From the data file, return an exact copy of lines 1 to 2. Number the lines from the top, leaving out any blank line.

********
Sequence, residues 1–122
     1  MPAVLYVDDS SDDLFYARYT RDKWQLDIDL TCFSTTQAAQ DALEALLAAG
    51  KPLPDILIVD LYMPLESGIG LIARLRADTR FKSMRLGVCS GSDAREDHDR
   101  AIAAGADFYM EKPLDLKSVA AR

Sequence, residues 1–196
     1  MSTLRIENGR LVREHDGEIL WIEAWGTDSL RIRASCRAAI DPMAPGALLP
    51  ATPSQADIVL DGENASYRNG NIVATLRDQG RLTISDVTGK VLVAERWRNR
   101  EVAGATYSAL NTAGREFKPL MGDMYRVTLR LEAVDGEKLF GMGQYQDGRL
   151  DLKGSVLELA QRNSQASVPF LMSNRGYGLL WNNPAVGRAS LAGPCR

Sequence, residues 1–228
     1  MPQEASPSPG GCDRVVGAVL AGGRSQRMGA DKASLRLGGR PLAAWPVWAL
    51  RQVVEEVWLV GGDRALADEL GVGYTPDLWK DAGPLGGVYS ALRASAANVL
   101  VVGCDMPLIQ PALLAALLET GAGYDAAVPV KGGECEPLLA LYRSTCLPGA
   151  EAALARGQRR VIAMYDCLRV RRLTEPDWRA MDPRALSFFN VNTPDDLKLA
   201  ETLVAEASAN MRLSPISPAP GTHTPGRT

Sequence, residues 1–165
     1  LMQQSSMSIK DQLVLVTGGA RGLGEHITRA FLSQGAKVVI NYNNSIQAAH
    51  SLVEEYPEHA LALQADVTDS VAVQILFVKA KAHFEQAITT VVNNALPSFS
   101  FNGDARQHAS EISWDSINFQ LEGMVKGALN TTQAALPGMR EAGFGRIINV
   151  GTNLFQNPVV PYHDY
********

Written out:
Sequence, residues 1–122
     1  MPAVLYVDDS SDDLFYARYT RDKWQLDIDL TCFSTTQAAQ DALEALLAAG